Now, I don’t think that Jean Valjean should be angelic, and I think that he can be too perfect in some actors’ hands. Jean Valjean has to continually struggle for his morality; that is a large part of the point of that character. I thought that Nehal Joshi’s take on JVJ in the 2014 Dallas Theater Center’s production of the musical was a goddamn revelation, mainly because he laid this struggle bare in a way that most actors don’t. (Highlight reel here, but, uh, hit me up if you want to see more. I don’t want to just openly post a link — not that I have illusions about this blog being well-trafficked, and I know that Joshi in particular has given his tacit approval to bootlegs, bless him — but yeah, I didn’t travel to Dallas to see this production but have still managed to watch the whole thing, and you can, too!)

Still, for the love of God, Jean Valjean is not a good candidate for a transformation into a gritty antihero! He’s kind. A word that comes to mind when I think of Jean Valjean is grace. He’s sad and he’s hurting; he doubts and he internalizes all sorts of awful narratives; he often does not know how best to love his daughter and the world and least of all himself; but still he loves. He tries to understand, and he forgives. He does not manhandle Gavroche when he delivers Marius’s letter. He ABSOLUTELY DOES NOT manhandle Cosette, ever, under any circumstances. He doesn’t roar wordlessly (?!) at the Bishop, even though that is at the very beginning of his journey! He doesn’t fire Fantine on purpose and shout at her that she’s untrustworthy! What! Were all of these choices!!!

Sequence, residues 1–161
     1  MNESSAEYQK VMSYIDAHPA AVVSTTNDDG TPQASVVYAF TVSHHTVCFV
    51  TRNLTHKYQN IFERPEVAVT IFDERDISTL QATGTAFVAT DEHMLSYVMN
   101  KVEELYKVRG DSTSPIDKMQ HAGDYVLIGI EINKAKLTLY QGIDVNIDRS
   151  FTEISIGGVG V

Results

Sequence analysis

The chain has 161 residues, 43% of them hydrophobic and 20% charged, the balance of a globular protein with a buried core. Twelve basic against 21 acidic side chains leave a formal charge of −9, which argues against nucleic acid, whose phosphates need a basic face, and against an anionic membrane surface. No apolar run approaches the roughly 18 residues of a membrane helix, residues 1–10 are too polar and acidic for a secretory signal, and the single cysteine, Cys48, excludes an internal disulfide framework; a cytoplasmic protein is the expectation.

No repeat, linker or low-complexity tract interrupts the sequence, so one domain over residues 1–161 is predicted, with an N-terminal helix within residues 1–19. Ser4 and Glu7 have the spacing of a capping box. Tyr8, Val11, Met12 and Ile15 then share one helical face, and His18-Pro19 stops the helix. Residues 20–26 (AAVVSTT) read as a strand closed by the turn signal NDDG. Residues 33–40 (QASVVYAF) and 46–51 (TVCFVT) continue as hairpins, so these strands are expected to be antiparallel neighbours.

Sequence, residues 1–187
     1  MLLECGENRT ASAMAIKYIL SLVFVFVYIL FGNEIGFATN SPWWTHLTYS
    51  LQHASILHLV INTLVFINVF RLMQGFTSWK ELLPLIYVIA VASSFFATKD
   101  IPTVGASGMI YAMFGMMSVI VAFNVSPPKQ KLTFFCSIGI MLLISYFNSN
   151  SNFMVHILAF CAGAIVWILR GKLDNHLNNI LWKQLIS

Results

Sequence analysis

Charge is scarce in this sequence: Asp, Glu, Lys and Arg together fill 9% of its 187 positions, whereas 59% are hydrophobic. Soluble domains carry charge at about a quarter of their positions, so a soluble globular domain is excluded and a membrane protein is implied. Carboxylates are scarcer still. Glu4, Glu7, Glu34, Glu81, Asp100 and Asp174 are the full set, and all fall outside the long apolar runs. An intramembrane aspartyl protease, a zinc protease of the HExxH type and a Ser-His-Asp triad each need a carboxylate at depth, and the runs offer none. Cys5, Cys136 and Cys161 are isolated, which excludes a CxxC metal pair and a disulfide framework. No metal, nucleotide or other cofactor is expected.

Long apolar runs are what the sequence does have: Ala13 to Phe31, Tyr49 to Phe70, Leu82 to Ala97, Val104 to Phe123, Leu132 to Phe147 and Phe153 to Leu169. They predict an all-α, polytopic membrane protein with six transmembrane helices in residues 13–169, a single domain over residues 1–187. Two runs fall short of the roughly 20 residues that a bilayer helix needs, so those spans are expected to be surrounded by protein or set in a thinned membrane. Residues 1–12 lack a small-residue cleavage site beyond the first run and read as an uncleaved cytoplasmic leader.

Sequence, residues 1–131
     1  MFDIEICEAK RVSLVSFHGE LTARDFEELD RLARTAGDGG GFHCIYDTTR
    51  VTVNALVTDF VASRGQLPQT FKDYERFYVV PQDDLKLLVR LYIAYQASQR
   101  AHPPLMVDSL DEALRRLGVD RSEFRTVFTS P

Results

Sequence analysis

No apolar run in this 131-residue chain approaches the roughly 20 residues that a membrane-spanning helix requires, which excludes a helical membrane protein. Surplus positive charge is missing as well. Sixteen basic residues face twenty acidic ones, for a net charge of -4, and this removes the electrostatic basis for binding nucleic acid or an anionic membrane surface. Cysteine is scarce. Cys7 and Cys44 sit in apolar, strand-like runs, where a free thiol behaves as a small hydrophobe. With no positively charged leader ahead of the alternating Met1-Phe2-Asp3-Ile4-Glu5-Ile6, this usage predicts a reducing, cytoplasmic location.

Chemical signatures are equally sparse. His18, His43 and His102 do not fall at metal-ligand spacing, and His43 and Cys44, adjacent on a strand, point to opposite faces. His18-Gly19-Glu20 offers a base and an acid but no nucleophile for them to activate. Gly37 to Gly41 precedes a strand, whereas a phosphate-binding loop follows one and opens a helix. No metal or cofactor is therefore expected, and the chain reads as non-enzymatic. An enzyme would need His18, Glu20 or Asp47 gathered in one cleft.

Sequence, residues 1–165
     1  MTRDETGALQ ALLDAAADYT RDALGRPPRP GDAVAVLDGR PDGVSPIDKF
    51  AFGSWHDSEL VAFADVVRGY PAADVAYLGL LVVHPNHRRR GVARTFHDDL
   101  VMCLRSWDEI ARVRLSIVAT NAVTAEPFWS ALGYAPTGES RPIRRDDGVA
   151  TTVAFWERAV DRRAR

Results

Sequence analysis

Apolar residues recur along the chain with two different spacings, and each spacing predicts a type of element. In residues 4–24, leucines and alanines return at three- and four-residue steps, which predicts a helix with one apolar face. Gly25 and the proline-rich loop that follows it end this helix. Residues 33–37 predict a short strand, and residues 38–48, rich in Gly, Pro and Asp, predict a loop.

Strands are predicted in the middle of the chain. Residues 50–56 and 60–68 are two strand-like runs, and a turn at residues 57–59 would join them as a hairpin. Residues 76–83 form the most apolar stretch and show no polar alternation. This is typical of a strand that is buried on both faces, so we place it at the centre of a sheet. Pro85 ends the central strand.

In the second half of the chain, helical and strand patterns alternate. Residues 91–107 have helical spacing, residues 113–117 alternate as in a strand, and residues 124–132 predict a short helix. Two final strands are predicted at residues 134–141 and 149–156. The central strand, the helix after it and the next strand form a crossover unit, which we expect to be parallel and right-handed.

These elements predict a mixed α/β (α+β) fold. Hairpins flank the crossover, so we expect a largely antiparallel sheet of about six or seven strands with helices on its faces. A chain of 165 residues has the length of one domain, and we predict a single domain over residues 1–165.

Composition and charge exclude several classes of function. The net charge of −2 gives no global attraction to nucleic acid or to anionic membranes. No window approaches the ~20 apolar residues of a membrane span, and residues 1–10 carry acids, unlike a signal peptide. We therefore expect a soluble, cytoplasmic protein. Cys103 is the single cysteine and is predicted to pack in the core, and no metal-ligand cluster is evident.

I felt like this adaptation just didn’t trust the audience to be invested in a protagonist whose Darkness isn’t simmering right on the surface 24/7. Either that or it couldn’t imagine expressions of pain that don’t look like anger. Both of those options are a real problem for me as both a Les Mis fan and a storyteller. And listen: I’ve got some angry characters! I recently received some notes on middle-grade story, and one that I dismissed outright was that my main character should be less mad all the time. (Disclaimer: of course it’s important to listen to criticism, but sometimes you just gotta say, “sorry, but you’ll pry my irritated 12-year-old disaster child from my cold dead hands.”) But I also operate on the assumption that people are interested in the good that my characters want and try to do. am interested in that aspect of storytelling, because that’s what I actually want to see play out in the world.

When Jean Valjean lets Javert go at the barricade, I want it to feel hard but earned. This moment of understanding and pity has to be enough to undo Javert, after all. In this adaptation, I just couldn’t believe it. I couldn’t imagine why this Valjean would let this Javert walk free. Compassion can’t just be flicked on like a switch; if your character is going to make this kind of self-sacrificing move, you have to start establishing it in their behavior well before they actually go through with it.

Davies also made some real strange choices with Javert. Honestly, I’d say that JVJ and his antagonist were the least like their original counterparts, which is a surefire way to make Les Mis not feel like Les Mis. Davies was clearly primarily interested in the cat-and-mouse aspect of the story, but he reduced Javert’s obsessive pursuit of JVJ to an all-encompassing personal obsession with the man, instead of a symptom of his unyielding belief that The System Can’t Be Wrong. This led to some bizarre and unintentionally funny moments (since when does Javert wholeheartedly believe that JVJ is behind all the revolutionary activity in Paris??), but it also severely undercut the political impact of a character like Javert.